Thursday, June 2, 2022

5 surprisingly romantic cities (that aren’t Paris)

 Paris, Venice and Rome are all top destinations among those seeking a romantic break with all the bells and whistles but what if you're after a more subtle romance? Here we've narrowed down the five best destinations you probably haven't considered for a tender-hearted getaway... 

Charleston, USA

Charleston, USAf11photo/Shutterstock

Why it’s packed with romance: This southern belle of a city has all the right ingredients for a romantic break: good food, pretty streets to saunter around and water views. Founded by the English in 1670, the small and genteel harbour city in South Carolina’s low country is steeped in history. Its quaint downtown has cobblestone streets, complete with old gas lamps, and pretty pastel-coloured townhouses. Hop on a horse-drawn carriage tour, if the mood takes you, or simply wander.

A hand-in-hand stroll along the Battery, a Civil War seawall and now a promenade, is a must. You can gaze across to Fort Sumter and at some of the city’s most amazing antebellum mansions that flank the harbour. Punctuate your explorations with plenty of stops for iced sweet tea or classic mint juleps – The Cocktail Club’s roof terrace is a top spot for balmy evenings.

The dinner for two: Charleston has a burgeoning reputation for its food scene, from traditional BBQ joints to award-winning restaurants that elevate southern favourites. For the hottest table in town, go to Husk. Its version of the iconic deep south dish, shrimp ‘n’ grits, along with a few killer cocktails in its atmospheric bar will finish your evening off on a high note.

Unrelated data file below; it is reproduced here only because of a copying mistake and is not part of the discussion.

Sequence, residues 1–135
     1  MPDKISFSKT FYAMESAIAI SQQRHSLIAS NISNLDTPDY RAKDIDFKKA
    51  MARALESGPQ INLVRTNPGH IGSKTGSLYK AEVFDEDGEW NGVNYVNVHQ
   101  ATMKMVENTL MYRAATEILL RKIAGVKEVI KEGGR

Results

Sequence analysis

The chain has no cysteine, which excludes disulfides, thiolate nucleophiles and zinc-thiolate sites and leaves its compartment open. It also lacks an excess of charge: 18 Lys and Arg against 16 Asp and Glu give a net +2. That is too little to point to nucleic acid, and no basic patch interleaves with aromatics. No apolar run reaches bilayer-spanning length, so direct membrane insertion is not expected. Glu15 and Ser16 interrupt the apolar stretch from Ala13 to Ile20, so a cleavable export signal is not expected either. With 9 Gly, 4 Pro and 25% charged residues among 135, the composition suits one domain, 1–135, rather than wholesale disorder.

The hunker-down hotel stay: The Governor’s House Inn, a grand Georgian manor house in a historic residential district. Rooms have four-poster beds, some with fireplaces, and there’s a lovely antique-filled parlour and porch for relaxing in. Breakfast on traditional southern dishes such as grits, biscuits and fried green tomatoes. And don’t miss an aperitif in the bar before you venture out for the evening – complimentary wines are accompanied by devilled eggs and pimento cheese.

How to get there: Fly to Charleston via Atlanta or Charlotte. British Airways launches direct flights to Charleston International Airport in April.

Parma, Italy

Parma, Italycge2010/Shutterstock

Why it’s packed with romance: If you and your love adore food and opera, small but perfectly formed Parma is the place for you. The Emilia-Romagna city is renowned for its gastronomy – it’s the home of Parma ham, parmesan, and Barilla pasta. It’s also the home province of composer Giuseppe Verdi. The gilded 19th-century Teatro Regio, built under orders of Napoleon's opera-mad wife Marie Louise, is the place to see one his works. Parma also has oodles of art and architecture – it was birthplace of Renaissance painter Correggio, whose fresco fills the Duomo’s dome.